Pitch Deck Teardown: Postmates
Acquired by Uber in July 2020 for $2.65B, Postmates started in 2011 with a short deck and a great promise.
The news came in July 2020: Uber would buy food-delivery startup and competitor Postmates in an all-stock deal valuing it at $2.65B, 10% over its September 2019 valuation. The brand will continue to exist for the moment, but the operations will be integrated into Uber Eats.
The coronavirus crisis has had dire consequences on Uber’s bottom-line, the company reporting a ($2.9B) loss in Q1 and ($1.8B) loss in Q2 of 2020 due to the poor performance of its ride-hailing business.
Eats and Postmates, on the other hand, benefitted from the delivery/e-commerce boom that came with the lockdowns and other travel restrictions. The newly formed entity would control 37% of the market, according to the New York Times article linked above.
It’s a great deck with much to learn in it, so without further ado, let’s dive in and tear it down.
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1. Title Slide
This title slide is a great start to a great deck.
Not only does it have the 3 necessary elements of a title slide:
- The logo and brand name are featured prominently
- There is a catchy tagline that explains the value proposition of the company
- There is no purpose for the deck. A simple “Seed round deck” would have done the trick and made it a perfect 3/3
But it also delivers on 2 crucial fronts:
First, the branding is well-defined, dreamy, friendly and reassuring. The kid on a bike references E.T. and childhood dreams ( → everything is possible) and the bridge is, of course, a wink to San Francisco, Postmates’ home city.
Being a B2C company, branding will be crucial to Postmates’ success. Investors will look for proofs of the founder’s ability in this domain. This is taken care of by the first slide alone.
Moreover, we’re talking about shipping here, an industry where logos look like this:
It’s a clear departure from tradition and from the standards set by competitors, which is good for a company aiming to disrupt an industry.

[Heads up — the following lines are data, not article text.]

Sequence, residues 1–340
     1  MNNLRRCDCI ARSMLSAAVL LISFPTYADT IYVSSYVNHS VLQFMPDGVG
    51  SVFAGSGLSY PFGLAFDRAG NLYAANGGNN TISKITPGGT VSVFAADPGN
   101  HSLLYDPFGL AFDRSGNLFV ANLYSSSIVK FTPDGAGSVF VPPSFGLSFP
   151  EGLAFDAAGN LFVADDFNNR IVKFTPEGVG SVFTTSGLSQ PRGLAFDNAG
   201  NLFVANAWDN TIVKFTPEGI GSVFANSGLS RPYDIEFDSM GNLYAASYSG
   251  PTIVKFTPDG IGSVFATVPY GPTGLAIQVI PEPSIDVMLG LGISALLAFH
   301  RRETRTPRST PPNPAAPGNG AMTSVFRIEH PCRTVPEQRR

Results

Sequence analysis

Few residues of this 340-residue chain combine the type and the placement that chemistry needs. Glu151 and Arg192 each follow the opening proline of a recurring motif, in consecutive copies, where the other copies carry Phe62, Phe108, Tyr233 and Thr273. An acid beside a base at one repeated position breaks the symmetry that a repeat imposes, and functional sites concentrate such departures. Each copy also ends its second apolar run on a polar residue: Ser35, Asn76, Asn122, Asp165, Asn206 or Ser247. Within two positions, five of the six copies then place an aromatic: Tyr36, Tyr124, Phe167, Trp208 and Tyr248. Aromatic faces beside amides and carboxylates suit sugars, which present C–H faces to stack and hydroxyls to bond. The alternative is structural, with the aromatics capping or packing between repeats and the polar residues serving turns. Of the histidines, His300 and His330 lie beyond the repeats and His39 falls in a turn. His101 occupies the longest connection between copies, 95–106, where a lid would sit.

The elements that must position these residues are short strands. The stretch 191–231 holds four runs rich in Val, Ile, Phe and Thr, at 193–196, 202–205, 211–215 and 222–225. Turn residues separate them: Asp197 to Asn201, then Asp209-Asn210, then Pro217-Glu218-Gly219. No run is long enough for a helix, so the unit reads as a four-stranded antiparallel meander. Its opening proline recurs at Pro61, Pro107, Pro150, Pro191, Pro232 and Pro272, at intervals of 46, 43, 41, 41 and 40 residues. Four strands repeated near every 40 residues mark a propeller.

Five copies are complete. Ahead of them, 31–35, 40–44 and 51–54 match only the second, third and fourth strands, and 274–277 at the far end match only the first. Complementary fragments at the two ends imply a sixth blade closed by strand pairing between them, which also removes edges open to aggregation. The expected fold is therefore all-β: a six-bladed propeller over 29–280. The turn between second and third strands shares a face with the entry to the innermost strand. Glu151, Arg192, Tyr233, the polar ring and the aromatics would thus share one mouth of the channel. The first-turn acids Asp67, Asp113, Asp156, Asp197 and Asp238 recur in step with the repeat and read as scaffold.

Second, it sets a light-hearted, humorous tone. The tagline is written in a direct, slangy English that immediately creates a bond with the reader. It explains the value with brilliant copy and the little extra that doesn’t suck hints at a problem most people have experienced.
As you might tell, I really like this title slide.
2. Team & Company
At this stage, you are your company’s greatest assets and you are the reason people will invest in your project. Until you have a proven financial track record, you and your team are the basis of your storytelling. Put yourself forward.
The way it’s done here is clean and transparent. Founders, investors, and advisors are well laid out and introduced by a single key achievement/employer.
The extra paragraph about the company’s history and its funding to date is a nice touch, giving prospective investors a reference point regarding the current round size and target valuation.
3. Shipping today aka The problem
This slide is smart.
When the problem you solve is something everybody has experienced, try to evoke it and not state it explicitly. This will force the reader/listener to remember their frustration and their own poor experience and will prime them to be more receptive to your solution.
Here, the problems with shipping are evoked with a single image of a UPS notice.